In this piece I would like to reflect on a couple of verses from Lao Tzu in the Tao Te Ching, composed in China around the time of Buddha:
He who stands on tiptoe doesn’t stand firm.
He who rushes ahead doesn’t go far.
Often, I talk about the difference between the tortoise/turtle and the hare/rabbit. The rabbit is running, running, running, trying to win the race. He may run three laps around the lake surging forward on his tiptoes without seeing the sky, the trees, or even the kids playing in the water, because he is so intent on getting somewhere, becoming someone, or just winning. The turtle just takes one step and then another, one breath and then another, appreciating and reveling in the greenness of the grass, the blueness of the sky, the stillness of the lake… and when he gets a little excited or anxious about winning or losing the race with the rabbit, he just draws his head and legs into his shell and rejuvenates himself by doing absolutely nothing.
At some point the turtle realizes that his inner world and his outer world are not separate and that he has already won the race, while the poor rabbit is always judging and comparing himself to others and misses the deep happiness of just being.
Through turtle practice we learn to stand firmly where we are. As Lao Tzu’s fellow Taoist Chuang Tzu says, “Sink into your rootedness in the great mystery. Your vitality and power are hidden there. A wedge cannot enter as long as you are just who you are.”
This is the secret to the turtle’s imperturbability and longevity.
You may wonder how you can settle into this imperturbability yourself. Miles Davis was asked how to become a trumpet playing master. He said, “It’s simple. Just blow, blow, blow.” Meditate, meditate, meditate. There will be times which are boring and times that are frustrating, as blowing, blowing, blowing must be, but this continual, non-judgmental effort is the core of our Zen practice. It’s hard work and we are bound to feel at times like we are not making progress. It may even seem that our meditation is nothing but unpleasant work.
But Is it possible that our meditation can be play as much as it is work? Did you know that turtles love to play and that a happy turtle is a playful turtle?
When I was a boy, I had a turtle who loved to play with an empty shell I put in his tank. He would slide the shell across the tank bottom and chase it. He even played with snails I put in his tank. And when I took him outside to my yard he would dig, dig, dig in the ground with great abandon and then look up to me in what seemed like a grin.
Humor, laughter, and play breaks down the division between the beautiful and the ugly, the spiritual and the material, the sacred and the profane. Here are two stories:
1.) A Zen student went to a temple and asked how long it would take him to gain enlightenment if he joined the temple.
“Ten years,” said the Zen master.
“Well, how about if I really work hard and double my effort?”
2.) Seeing his teacher on the other side of a raging torrent, a student waved his arms and shouted out, “Master, master, how do I get to the other side?”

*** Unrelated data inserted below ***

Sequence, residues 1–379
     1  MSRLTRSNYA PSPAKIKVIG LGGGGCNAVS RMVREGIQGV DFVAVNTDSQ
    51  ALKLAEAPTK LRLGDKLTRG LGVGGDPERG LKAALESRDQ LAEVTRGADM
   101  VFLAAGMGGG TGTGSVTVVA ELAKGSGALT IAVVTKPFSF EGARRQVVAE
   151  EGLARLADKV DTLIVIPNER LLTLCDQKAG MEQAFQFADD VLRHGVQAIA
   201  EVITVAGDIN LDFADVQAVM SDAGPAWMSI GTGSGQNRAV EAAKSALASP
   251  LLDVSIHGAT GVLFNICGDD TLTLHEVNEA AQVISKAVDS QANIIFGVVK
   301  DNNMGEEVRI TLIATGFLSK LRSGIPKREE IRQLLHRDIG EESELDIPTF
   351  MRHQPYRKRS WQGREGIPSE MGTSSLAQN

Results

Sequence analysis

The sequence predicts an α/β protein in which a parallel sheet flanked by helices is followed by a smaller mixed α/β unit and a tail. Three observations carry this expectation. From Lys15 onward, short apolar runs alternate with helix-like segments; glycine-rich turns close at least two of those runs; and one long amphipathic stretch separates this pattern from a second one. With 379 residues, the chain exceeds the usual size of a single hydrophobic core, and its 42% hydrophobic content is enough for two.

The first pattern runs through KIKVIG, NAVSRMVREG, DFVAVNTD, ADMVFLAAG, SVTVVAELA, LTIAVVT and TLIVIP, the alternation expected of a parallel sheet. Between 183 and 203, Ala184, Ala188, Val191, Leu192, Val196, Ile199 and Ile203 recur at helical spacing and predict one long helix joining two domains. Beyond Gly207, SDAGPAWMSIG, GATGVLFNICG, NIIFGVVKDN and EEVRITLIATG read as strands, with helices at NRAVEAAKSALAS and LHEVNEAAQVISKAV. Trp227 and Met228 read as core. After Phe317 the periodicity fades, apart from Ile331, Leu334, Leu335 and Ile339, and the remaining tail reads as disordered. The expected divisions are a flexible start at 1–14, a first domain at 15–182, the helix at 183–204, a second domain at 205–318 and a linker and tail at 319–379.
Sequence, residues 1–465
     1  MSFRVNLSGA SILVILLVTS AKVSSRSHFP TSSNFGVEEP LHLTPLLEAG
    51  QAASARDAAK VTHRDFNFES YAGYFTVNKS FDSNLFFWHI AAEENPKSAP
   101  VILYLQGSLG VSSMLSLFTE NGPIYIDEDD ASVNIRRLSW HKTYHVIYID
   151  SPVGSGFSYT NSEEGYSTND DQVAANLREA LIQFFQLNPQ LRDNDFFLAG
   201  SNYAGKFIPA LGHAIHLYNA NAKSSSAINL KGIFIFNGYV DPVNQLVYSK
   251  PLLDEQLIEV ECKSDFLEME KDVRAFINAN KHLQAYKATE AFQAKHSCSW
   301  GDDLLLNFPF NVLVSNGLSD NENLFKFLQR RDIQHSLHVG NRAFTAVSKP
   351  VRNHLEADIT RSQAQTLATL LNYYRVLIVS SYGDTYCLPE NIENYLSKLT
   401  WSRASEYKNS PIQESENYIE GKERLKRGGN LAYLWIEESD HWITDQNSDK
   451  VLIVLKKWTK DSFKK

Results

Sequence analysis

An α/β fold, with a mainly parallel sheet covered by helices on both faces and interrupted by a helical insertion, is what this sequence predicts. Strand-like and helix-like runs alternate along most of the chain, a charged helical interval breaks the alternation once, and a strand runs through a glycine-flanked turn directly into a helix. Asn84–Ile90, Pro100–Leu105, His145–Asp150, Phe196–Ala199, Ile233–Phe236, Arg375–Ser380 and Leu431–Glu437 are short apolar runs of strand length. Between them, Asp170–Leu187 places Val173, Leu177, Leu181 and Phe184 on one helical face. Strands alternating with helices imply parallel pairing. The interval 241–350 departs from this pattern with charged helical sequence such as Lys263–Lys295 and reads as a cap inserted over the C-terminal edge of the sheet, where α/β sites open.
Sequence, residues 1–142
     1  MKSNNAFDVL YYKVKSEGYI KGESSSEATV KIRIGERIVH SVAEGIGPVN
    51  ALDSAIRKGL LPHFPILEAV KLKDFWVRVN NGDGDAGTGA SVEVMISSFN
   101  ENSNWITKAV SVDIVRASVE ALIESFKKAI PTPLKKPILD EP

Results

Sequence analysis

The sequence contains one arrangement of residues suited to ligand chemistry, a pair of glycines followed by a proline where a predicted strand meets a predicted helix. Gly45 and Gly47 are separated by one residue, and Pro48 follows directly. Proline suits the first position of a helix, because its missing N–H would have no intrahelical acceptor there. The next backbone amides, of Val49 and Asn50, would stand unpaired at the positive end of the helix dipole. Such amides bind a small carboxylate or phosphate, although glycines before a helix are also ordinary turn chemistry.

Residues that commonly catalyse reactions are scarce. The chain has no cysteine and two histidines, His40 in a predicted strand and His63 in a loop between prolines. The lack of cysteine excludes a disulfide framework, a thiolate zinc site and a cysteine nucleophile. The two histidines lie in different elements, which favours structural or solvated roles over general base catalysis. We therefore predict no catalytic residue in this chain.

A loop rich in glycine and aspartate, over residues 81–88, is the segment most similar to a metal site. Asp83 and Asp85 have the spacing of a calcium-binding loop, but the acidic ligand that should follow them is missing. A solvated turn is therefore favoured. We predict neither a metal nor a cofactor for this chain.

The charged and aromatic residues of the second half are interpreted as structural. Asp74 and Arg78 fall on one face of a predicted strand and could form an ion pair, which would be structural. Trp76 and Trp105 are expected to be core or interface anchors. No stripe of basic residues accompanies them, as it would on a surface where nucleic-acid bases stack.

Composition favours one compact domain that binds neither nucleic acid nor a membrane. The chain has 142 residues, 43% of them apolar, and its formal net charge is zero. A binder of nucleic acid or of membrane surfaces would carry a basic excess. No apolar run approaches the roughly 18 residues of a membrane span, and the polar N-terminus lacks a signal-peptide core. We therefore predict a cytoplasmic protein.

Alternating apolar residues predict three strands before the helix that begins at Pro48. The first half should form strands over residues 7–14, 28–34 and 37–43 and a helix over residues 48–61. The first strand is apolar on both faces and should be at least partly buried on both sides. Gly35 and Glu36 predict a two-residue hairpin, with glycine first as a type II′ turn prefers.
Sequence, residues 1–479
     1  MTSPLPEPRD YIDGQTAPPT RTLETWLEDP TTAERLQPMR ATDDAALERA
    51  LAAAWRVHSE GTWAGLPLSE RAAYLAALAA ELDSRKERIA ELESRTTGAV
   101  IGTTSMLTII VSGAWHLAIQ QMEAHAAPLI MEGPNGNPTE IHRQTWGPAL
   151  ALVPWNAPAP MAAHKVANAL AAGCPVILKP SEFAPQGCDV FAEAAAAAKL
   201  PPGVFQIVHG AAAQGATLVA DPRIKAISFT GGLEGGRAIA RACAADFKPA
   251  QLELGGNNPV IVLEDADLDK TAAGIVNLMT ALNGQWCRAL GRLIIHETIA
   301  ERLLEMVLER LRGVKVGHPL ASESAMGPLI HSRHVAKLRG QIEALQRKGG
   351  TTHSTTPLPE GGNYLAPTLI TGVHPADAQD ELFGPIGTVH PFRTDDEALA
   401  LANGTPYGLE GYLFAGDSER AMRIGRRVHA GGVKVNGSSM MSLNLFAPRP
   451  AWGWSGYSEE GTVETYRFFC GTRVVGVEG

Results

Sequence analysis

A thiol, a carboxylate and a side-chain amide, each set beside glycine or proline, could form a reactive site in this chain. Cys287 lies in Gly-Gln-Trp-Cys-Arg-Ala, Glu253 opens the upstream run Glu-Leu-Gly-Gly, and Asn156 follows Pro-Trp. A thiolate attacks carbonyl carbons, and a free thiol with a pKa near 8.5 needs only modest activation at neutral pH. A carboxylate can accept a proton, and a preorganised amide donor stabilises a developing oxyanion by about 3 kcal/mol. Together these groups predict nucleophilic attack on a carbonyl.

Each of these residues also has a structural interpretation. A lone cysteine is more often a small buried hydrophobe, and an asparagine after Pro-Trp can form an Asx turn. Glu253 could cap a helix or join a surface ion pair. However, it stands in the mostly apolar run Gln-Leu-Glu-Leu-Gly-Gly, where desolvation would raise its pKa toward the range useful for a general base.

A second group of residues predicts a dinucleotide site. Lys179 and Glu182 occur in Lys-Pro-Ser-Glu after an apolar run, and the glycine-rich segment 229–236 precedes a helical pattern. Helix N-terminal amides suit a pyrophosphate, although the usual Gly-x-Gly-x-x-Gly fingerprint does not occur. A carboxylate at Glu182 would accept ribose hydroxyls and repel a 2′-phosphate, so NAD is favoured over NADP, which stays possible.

The master shouted back, “You are on the other side.”
This teacher is pointing out that if we don’t rush ahead, but instead sink firmly into the earth which we are standing on, grit and all, whatever happens, we are always “on the other side.”
The Chinese poet Yuan Mei wrote,
I burned incense, swept the earth, and waited for a poem to come… then I laughed and climbed the mountain, and leaning on my staff, I laughed again. I’d love to be a master of the blue sky’s art: See how many sprigs of snow-white cloud he’s brushed in so far today!
Even though there is a 2000-year gap between Lao Tzu and Yuan Mei, I think they are best friends!
In my last piece I explained the unconscious or storehouse consciousness. In this piece I will discuss two complementary practices that free us from the contamination of negative or unwholesome seeds stored within this storehouse. The first is altering the seeds we place in there through our intentions and actions. The second is practicing meditation so can stop producing seeds and empty out those that we are storing. As we let go of projections from the past we store within our unconscious, we dip into a stillness which is always at the center of our being.
Yogacara teachers refer to paramita practice as a wonderful way to replace unwholesome seeds with wholesome ones. The six core paramitas are patience, generosity, morality, effort, meditation, and wisdom which I have discussed in other pieces, so I will only give a single example of how this works.
Let’s say that the current “shelter in place” limitations due to the coronavirus are making you anxiously impatient. Maybe you obsessively use the media to try to figure out when the pandemic might subside, and your life might get back to normal. You might practice the paramita of patience by repeating a phrase to yourself whenever you notice your agitation about this is rearing its head. You could use my teacher, Suzuki Roshi’s phrase things as it is,based on the teaching of radically accepting what life hands us. If you do this every time your agitation arises, you are planting new, positive seeds in your own storehouse. Or you can find a different word or phrase which resonates with you. We need positive seeds to enhance and sustain our meditation practice.